Tearaway review: new sensation

Game Info
Platform PS Vita
Publisher Sony Computer Entertainment
Developer Media Molecule
Release Date 2013-11-22

Tearaway is unlike any game I've ever played before, and it's easy to diagnose why that is — nobody's really ever made a game like this before.

The papercraft heart of Tearaway isn't just its core design aesthetic, nor is it just a gameplay gimmick; it's absolutely everything and everywhere. I can't think of another title that has leaned so heavily upon, and so thoroughly explored, a single idea. The user interface is made of paper. Every single particle effect. Every centimeter of the game's world is made of paper; no corners were cut, save for the ones literally cut out of paper.

When combined with clever devices that utilize the PS Vita's every function, the paper world comes to life in a very real way. It's a physical, tactile experience that creases, folds and rips around your godlike input. From sound design to art design to core gameplay mechanics, every aspect of the paper premise has been explored. Tearaway's laser-focused cohesion is nothing short of magical.

Tearaway is far from a traditional platformer; even less so than Media Molecule's most famous stab at the genre, the LittleBigPlanet series. To wit: Iota and Atoi, the game's customizable male and female protagonists, don't learn to jump for the first hour or so of the game. That would be damning for any other platformer, but Tearaway fills that hour with more than enough mechanics for you to experiment with and master.


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Atoi_cover

Don't be misled: Atoi and Iota eventually have more than enough classic platforming maneuvers at their disposal, and Tearaway requires you to use them in liberal measure. They're competent but unexceptional on their own — it's when they're used in conjunction with the touch-based controls that Tearaway takes flight.

As the player of Tearaway, you're just as much a character as the world's papercraft inhabitants. You're referred to as a "You," an almighty being whose face is ever-present on the surface of the sun (thanks to the PS Vita's front-facing camera). Your benevolent powers allow you to move objects in the world with a touch, unfolding helpful platforms, revealing hidden items or dispatching enemies with a poke.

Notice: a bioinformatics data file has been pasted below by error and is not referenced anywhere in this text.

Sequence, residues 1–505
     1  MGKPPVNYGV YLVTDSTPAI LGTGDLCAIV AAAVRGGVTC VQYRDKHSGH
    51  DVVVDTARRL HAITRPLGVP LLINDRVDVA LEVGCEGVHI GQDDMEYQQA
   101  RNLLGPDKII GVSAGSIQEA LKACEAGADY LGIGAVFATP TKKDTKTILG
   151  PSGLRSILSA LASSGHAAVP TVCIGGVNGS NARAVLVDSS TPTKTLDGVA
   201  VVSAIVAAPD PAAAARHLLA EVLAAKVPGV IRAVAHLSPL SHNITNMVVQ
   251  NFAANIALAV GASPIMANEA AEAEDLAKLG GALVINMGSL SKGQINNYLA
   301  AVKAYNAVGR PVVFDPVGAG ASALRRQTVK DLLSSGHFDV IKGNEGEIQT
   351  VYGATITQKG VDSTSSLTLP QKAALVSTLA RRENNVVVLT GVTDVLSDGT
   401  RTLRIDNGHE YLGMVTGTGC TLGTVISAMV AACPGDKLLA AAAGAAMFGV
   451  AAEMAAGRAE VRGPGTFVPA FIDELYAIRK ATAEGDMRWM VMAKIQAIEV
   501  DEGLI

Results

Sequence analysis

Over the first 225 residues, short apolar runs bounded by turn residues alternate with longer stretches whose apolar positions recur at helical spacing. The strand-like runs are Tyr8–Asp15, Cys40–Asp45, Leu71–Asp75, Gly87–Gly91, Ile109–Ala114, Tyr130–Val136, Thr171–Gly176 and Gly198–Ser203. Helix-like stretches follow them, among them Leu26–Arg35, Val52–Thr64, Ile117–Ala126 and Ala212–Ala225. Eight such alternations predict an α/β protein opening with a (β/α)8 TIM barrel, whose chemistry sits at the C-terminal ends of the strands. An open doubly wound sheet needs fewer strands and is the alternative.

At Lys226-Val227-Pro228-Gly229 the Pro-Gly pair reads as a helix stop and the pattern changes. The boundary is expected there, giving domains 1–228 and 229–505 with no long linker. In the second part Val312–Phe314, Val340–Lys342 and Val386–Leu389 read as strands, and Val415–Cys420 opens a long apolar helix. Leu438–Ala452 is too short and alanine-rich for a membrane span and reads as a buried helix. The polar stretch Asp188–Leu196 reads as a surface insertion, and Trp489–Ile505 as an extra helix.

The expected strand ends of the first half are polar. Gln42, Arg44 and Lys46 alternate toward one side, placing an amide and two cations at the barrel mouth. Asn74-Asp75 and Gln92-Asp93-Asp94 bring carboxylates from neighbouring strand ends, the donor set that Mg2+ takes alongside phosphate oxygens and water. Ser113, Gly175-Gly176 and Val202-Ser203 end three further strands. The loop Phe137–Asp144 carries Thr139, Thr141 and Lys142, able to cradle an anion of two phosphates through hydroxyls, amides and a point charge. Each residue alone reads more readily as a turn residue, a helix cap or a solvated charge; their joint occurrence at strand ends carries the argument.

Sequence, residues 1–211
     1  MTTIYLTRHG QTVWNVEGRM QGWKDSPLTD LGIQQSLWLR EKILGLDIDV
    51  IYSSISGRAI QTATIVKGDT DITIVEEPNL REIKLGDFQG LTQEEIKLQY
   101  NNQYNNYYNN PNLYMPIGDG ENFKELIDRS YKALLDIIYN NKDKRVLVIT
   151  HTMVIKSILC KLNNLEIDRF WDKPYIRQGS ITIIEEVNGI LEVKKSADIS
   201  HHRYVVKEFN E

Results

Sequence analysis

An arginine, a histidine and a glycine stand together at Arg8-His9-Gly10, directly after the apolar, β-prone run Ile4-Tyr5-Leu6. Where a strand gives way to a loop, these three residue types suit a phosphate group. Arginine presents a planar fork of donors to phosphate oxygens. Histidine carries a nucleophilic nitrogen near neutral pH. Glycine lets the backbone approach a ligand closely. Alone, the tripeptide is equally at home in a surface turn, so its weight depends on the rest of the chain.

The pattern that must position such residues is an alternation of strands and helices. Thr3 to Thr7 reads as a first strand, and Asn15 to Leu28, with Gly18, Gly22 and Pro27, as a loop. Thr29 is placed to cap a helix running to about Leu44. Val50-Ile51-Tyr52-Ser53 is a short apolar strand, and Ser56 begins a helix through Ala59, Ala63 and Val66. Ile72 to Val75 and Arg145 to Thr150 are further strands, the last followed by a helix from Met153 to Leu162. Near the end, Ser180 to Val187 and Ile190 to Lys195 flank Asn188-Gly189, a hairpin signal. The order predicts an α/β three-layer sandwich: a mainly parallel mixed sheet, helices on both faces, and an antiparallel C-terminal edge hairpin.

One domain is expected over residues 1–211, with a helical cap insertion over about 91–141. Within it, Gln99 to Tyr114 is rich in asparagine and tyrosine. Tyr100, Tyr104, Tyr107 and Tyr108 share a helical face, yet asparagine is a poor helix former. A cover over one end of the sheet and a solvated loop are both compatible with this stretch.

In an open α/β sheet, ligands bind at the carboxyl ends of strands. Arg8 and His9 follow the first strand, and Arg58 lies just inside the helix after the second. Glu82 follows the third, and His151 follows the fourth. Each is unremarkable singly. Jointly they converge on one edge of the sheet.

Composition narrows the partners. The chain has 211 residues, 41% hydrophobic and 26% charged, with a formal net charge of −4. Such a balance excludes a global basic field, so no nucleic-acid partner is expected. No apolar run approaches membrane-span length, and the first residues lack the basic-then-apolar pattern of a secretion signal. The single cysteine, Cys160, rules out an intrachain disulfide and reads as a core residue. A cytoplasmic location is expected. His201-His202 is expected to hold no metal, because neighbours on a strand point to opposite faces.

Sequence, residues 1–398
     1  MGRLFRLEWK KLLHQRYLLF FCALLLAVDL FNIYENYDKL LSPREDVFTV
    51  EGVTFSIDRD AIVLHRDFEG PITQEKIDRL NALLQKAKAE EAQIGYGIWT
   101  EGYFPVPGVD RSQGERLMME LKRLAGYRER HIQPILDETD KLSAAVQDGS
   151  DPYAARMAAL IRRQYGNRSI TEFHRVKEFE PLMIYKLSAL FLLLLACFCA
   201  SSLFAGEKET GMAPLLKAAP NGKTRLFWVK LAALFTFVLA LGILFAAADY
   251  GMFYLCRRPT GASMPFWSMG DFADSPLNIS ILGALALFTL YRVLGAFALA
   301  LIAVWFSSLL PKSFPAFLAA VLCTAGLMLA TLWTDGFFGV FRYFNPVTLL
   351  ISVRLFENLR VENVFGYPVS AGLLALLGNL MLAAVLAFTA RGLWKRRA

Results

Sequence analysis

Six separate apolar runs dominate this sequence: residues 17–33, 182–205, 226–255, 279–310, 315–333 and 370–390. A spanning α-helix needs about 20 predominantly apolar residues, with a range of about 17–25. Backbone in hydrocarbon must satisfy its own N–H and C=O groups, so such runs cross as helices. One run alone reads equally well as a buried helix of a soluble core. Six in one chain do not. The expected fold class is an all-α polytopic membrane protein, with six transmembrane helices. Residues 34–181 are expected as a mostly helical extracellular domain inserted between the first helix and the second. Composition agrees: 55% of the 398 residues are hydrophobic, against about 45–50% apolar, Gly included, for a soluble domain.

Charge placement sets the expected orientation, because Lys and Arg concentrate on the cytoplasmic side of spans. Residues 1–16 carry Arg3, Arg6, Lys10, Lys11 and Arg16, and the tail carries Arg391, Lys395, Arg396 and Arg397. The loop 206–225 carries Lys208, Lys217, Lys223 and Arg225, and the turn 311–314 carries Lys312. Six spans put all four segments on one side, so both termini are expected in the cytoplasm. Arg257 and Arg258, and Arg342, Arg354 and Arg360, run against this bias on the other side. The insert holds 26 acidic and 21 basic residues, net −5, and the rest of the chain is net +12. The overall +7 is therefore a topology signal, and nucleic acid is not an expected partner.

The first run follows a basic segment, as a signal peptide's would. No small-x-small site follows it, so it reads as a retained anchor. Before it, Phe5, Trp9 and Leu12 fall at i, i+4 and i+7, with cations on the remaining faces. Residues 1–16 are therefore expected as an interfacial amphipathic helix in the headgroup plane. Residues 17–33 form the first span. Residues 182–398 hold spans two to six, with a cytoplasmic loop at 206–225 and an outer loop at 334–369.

You're just as much a character as the world's papercraft inhabitants.

As your paper hero explores the world, you unravel or build it around them — sometimes in conjunction with their in-game movement. It's never obtuse, and always exceedingly clever; holding a door open and scooting Iota through it made me feel as empowered as any superhero game.

Tearaway's cleverness only occasionally runs afoul of the inflexible language of platforming games. The only real issue is the camera, which the player only sometimes has control over in the game's more open environments.

In levels requiring more meticulous use of Tearaway's physical controls, you're stuck with the camera angle they've picked for you. Those angles are never inadequate for navigational purposes, but it's always disorienting to attempt to look around — say, for tucked-away collectibles — and find yourself intermittently unable to do so.

The game's set of user-generated content tools are far more limited than Media Molecule's boundless LittleBigPlanet offerings — but they're far more holistic, too. At any time, you can swap the features of Iota or Atoi, pulling off eyes and mouths and replacing them with pre-set shapes of your choosing. You can also create your own shapes using a delightfully simple interface in which you cut designs into pieces of multicolored construction paper. Your creations can be composed of a single shape, or a stack of layers to create increasingly intricate decals — and all in just a matter of minutes.

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Tearaway's ending is more affecting than any I've experienced this year.
Tearaway_green

The heroes aren't the only customizable element in the world. Very frequently, a character will ask you to make something for them — a construction-paper shape, a photo they can use as a texture, a sound bite they can use as their voice. Tearaway has an extremely unique and literal approach to making itself feel like your adventure. By its conclusion, your authorship over the world and its story feels absolute, culminating in an ending that is more affecting than any I've experienced this year.

Both the game's gorgeous, colorful world and the works of art you drop into it aren't trapped within the software's boundaries. One of the game's more amusing features is an in-game camera, with which you can take snapshots (or selfies!) of the world around you using an Instagram-esque suite of unlockable lenses and filters. Those photos are often quite lovely, and thanks to some surprisingly slick social integration, you can share them freely over Twitter, Facebook or your personalized Tearaway.me profile page.

Wrap Up:

Tearaway is fresh, inviting and intricate

Tearaway is a rare breed, the kind of game that was engineered to be supremely easy to fall in love with. It's not just the inherent charm of its paper world, its infinitely catchy folk-electronic soundtrack or its cast of quirky characters. It's the way the game involves you at every turn — the way the world moves when you touch it. I never felt like I was beating Tearaway as much as collaborating with it. From cover to cover, Tearway is an engrossing, spellbinding experience.

Tearaway was reviewed using downloadable code provided by Media Molecule. You can read more about Polygon's ethics policy here.

About Polygon's Reviews
9.5 PS Vita
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